What's the buzz
It's a rainy day here, yay!
Actually the weather has been brilliant for the past few weeks! They are calling for lovely warm (20-33c) sunny days & cooler (15c)rainy nights. All really ideal for the farmers & gardeners. For me personally, I prefer part sun, breezy & cooler days(20-25c) as those are ideal conditions for working in the forest. :)
I was talking to folks from tens of thousands of kilometres away, informing me of a heatwave elsewhere in Canada.
Hilarious that I should get the news from them but as I'm not on social media or care for the news...
Apparently all of British Columbia is suffering right now. Year after year of drought and forest fires and now this heatwave of high 40c (47c??) yikes!
British Columbia is perhaps the most expensive/overpriced place to live in all of Canada. Historically, the retirees from other parts of Canada would move there for it's weather, for the past four+ decades, which drove the real estate prices up. However a new entry in the past 3+ decades there have been the Asian buyers which drove the prices to an even higher heights.
Obviously they are not the only ones living there as the wealthy and super-wealthy still need others to do the everyday jobs. The question is, how are those folks managing on wages far far below what it costs to rent there, never mind buying real estate.
Perhaps British Columbia has better marketing/commercials?
I know that New Brunswick rarely, if ever advertises the provinces' features. For the longest time I didn't get that but lately, the more I think about it, the more it makes sense to me.
When in town or when talking to any of the neighbours, I hear that 95% of the properties under $200K here are selling just as quick as they get listed while 95% properties listed over that number. are not.
Some are first-time buyers who gave up on ever being able to purchase properties in their own home provinces. Others seem to be simply investors. I'm interested in hearing from you and how are things where you live.
A while back, I wrote about a Romanian family who bought a bulldoze property sight unseen here and were devastate upon arrival to learn that it would have to be demolished. Yesterday, at the end of our yoga session, neighbours informed me that having failed to find anyone to bulldoze & rebuild for them, plus having spent thousands in temporary accommodations, they had decided to buy a property in Moncton(three hours away) and abandon their property here. By the way, Moncton real estate prices are much higher than here!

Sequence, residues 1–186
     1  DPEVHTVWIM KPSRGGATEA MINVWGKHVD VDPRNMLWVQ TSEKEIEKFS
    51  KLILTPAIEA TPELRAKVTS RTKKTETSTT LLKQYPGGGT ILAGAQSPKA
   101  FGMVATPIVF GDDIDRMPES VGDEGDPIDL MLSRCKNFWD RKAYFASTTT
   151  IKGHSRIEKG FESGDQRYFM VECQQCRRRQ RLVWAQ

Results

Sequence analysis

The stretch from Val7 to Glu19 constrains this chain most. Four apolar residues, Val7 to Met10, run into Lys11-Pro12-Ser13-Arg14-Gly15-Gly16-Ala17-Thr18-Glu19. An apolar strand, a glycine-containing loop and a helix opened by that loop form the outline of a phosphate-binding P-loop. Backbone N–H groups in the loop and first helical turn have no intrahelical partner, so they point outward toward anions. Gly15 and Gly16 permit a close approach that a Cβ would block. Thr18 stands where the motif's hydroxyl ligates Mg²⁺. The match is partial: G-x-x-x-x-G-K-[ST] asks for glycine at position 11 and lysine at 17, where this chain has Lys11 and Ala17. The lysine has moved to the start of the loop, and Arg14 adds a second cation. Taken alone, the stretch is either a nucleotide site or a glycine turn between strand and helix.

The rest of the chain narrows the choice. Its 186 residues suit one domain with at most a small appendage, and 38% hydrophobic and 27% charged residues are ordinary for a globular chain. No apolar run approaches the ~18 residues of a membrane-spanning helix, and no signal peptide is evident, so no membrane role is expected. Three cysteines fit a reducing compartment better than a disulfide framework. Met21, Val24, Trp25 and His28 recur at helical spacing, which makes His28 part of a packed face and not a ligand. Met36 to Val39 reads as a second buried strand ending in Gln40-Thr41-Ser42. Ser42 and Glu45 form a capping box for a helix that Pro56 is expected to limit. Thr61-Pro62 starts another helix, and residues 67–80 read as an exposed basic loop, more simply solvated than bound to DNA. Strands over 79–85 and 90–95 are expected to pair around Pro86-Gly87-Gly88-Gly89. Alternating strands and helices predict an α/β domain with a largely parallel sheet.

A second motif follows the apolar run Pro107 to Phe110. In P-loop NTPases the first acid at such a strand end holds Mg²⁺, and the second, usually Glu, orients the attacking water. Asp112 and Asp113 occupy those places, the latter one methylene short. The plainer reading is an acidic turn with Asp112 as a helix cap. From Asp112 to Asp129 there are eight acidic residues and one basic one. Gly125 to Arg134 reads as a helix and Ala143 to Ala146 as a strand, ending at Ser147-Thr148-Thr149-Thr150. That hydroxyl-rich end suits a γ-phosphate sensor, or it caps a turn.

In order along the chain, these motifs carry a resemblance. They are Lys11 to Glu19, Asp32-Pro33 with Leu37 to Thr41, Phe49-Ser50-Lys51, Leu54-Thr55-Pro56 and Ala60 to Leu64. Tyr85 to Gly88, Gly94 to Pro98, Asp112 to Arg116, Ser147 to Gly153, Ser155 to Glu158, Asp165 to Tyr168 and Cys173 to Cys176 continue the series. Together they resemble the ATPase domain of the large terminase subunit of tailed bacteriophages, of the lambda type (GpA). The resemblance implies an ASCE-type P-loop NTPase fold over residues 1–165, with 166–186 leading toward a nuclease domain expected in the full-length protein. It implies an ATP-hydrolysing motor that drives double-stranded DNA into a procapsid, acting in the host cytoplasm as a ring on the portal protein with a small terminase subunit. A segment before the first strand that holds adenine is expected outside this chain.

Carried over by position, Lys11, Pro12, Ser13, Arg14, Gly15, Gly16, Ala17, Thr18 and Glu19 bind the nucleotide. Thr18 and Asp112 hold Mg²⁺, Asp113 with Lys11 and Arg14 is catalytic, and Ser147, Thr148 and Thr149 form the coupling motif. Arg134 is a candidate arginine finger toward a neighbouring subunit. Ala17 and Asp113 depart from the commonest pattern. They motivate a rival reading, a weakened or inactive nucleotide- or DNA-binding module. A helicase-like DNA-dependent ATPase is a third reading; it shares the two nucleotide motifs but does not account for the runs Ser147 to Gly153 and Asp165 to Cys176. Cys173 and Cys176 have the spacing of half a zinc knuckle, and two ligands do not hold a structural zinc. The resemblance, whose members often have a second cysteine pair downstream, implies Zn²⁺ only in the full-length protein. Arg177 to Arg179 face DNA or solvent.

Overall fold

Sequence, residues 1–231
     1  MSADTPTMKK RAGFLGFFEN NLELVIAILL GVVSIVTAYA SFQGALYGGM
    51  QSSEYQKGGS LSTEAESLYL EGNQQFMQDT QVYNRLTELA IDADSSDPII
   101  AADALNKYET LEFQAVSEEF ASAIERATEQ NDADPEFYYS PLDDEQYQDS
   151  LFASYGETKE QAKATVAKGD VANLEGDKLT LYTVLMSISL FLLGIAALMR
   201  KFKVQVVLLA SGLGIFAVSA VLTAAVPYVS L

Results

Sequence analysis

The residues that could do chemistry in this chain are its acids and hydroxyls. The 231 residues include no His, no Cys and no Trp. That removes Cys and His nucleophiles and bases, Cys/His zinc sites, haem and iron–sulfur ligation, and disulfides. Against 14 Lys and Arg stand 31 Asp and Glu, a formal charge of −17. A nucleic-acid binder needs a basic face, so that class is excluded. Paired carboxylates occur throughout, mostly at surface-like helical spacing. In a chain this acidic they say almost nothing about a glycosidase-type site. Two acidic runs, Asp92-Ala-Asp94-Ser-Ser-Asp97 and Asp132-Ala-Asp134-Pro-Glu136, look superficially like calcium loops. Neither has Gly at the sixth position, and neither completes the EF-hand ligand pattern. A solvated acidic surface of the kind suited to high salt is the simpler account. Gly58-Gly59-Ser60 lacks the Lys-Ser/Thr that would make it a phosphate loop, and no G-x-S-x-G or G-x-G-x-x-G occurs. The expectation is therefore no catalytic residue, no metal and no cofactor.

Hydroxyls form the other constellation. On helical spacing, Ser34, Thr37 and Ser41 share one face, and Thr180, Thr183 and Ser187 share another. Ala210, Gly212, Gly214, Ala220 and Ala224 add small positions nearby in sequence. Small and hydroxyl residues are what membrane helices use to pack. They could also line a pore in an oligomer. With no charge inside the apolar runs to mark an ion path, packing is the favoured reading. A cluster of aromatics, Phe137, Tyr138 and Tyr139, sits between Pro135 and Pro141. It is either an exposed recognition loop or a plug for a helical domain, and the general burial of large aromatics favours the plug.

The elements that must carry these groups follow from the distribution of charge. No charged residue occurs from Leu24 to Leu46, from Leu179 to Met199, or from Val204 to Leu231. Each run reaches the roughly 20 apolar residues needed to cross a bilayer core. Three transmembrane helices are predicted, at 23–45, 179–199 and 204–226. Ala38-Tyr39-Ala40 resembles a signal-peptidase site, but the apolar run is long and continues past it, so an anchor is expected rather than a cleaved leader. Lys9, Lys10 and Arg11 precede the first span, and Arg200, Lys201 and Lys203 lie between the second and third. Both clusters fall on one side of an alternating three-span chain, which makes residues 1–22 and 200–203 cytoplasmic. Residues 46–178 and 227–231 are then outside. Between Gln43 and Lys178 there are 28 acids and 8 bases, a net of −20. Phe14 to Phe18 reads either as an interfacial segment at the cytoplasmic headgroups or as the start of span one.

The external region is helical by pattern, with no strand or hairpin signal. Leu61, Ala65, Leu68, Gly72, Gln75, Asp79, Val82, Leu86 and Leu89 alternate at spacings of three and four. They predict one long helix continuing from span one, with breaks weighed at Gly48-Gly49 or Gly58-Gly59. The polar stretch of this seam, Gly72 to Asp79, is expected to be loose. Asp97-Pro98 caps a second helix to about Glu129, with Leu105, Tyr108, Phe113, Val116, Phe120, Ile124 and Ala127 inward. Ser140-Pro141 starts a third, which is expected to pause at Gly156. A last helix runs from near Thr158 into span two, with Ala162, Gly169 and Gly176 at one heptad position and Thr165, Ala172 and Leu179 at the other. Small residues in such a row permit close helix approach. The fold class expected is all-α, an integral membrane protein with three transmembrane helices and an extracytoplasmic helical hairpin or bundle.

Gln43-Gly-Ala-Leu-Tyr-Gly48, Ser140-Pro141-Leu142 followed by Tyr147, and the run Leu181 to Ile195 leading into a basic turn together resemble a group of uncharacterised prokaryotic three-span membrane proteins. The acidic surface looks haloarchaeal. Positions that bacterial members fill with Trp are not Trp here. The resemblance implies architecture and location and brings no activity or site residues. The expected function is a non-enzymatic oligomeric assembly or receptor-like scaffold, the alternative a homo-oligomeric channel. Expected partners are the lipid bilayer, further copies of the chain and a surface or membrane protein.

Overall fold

I wonder just how many such stories are being told right now. In these folks case, having me inspect this property for under $100, would have saved them so much money, time, stress & grief.
It seems that we penny pinch most of our lives and/as we end-up parting with tens of thousands of dollars by attempting to save, in this case $100.
Changing the topic.
There was a question of what we've planted in our 33 raised beds. I don't know if I've answered this already but I really don't mind repeating it..all very exciting :)
So this year we have 4 beds dedicated to our 350-400 garlic cloves. Typically/historically each clove produces 3-5 cloves, so that's roughly 1,400 cloves. Next year, we might spread that 400 number into 5 or even 6 beds. Although garlic plants don't have a tone of foliage, like tomatoes for instance, they do have some leaves. So by spreading them farther apart, they should have more air circulation & sunlight penetration. We usually mulch the beds so moisture evaporation should not be an issue.
We have 3 or 4 dedicated strawberry beds of different varieties. Although we have so many different berry bushes(blackberry, raspberry, chock cherry, blackcurrant etc.), strawberries are my favourite.
There are oh 3? beds of tomatoes of different varieties. Tending(suckers) to them starting this stage of the lives, is a chore that I honestly don't mind doing :)
The rest of the beds occupy onions, carrots, celery, lovage, beets, asparagus, peas, cucumbers, kale, pumpkin, squash, etc. as far as the plants go.
We also have dill, parsley, sage, mint etc. for herbs.
As always, although we have a ton of wild flowers, daisies, black-eyed sue, goldenrods, clovers, dandelions, evening prime rose, st. john's wort, etc., growing just around the garden and the main-building alone, we plant annuals such as sunflowers, poppies, marigolds and
calendula in each bed both to attract more pollinators and for their medicinal qualities, as with the wild flowers.
This year and right now in particular, we are collecting evening primrose & St. John's wort to make salves with.
Most everything blooms at different times, making it a habitat or a never-ending buffet of nectar for the beneficial insects, pollinators, butterflies and even the few hummingbirds that reside on our property.
I'm happy to report that our neighbourhood is growing again :)
Three families of 4 and one family of 2. Two of these families are not right in the neighbourhood as they couldn't find anything that suited their needs but as they are somewhat close-by and plan to also grow organically and be involved with community events & activities, we like to think of them as neighbours :)
So this brings the rough count to 39 adults and 17 kids. Now, I call us a neighbourhood because otherwise typically there is no such place as a neighbourhood in the rural/country in Canada, due to the vast space between properties. The numbers that I provided is on somewhere between 500-1000 acres of land, in our neighbourhood.
However, at the core of the community where we reside, some properties are are only 1-2.5 acres away from others. This is why I call us a neighbourhood. A nice combination of privacy and yet close enough to bike or walk to.
Be well :)